Stephen Kosslyn (@skosslyn) is the President and CEO of Foundry College ( https://foundrycollege.org/ ) an online two-year college designed to help working adults develop skills and knowledge that will not be automated by AI in the foreseeable future. Before that, he was the Founding Dean and Chief Academic Officer at Minerva University ( https://www.minerva.kgi.edu/ ), prior to that he was a Professor of Psychology and Dean of Social Science at Harvard University . Steve is a prolific writer and has written over 15 books and many psychology papers.
Stephen got his degree at UCLA and went to graduate school at Stanford University getting his PhD in 1974. He then worked at Johns Hopkins University , then Harvard, then Brandeis University, a nd back to Harvard in 1983, then in 2011 he moved to Stanford, as director of the Center for Advanced Study in the Behavioral Sciences. Stephen has too many awards to list, he was an early pioneer in the field of cognitive neuroscience and applied Psychology, writing books on using psychology to make better graphs and powerpoint presentations. In academic circles, he is well known for effectively being one side of what is known as the imagery debate, but nowadays he works in startups in the area of education. I have known Stephen for over 10 years and we have written papers together. Over that time I have continually been impressed with his energy, enthusiasm and hard work.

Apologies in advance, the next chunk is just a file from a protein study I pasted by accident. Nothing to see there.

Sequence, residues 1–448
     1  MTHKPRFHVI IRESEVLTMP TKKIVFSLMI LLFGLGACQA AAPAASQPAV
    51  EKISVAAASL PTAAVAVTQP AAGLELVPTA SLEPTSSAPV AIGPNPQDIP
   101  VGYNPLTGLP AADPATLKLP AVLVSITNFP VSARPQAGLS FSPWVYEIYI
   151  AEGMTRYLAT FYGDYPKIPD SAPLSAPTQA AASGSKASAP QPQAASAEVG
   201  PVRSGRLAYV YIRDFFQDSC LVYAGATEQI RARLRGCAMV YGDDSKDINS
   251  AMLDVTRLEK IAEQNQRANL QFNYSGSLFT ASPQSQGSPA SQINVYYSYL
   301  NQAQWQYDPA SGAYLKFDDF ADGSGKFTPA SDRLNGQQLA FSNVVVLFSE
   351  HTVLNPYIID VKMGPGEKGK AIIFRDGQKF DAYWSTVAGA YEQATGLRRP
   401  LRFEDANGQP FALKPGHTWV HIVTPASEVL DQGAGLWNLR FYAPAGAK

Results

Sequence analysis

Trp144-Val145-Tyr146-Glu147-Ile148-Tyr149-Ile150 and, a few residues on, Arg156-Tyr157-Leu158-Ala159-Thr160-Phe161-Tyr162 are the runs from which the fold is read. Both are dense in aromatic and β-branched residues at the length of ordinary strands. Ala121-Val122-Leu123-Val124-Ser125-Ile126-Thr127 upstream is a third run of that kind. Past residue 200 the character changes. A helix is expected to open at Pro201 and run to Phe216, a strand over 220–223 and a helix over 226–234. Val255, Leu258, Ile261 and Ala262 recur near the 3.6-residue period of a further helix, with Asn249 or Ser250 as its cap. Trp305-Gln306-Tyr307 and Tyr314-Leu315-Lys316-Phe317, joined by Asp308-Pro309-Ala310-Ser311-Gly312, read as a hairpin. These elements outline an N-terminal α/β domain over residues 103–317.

In this episode, we discuss:
- Why Applied Psychology and neuroscience isn’t everywhere? What happened to it?
- What kind of jobs AI will and won’t take (The so-called soft skills- but they really aren’t that soft.)
- For-profits vs not-for-profits and why for-profit education is often considered “bad”.
- Visualizing progress for motivation in startups and for writing books.
- Mental imagery eg. the human imagination, the so-called imagery debate.
- Going from university research to startups and why university professors don't often do startups.
- Minerva University, Foundry College
- The future of education and what that might look like.
I really think there is something for everyone in this episode, academics, scientists, entrepreneurs, educators, universities and well anyone interested in the future of work and education.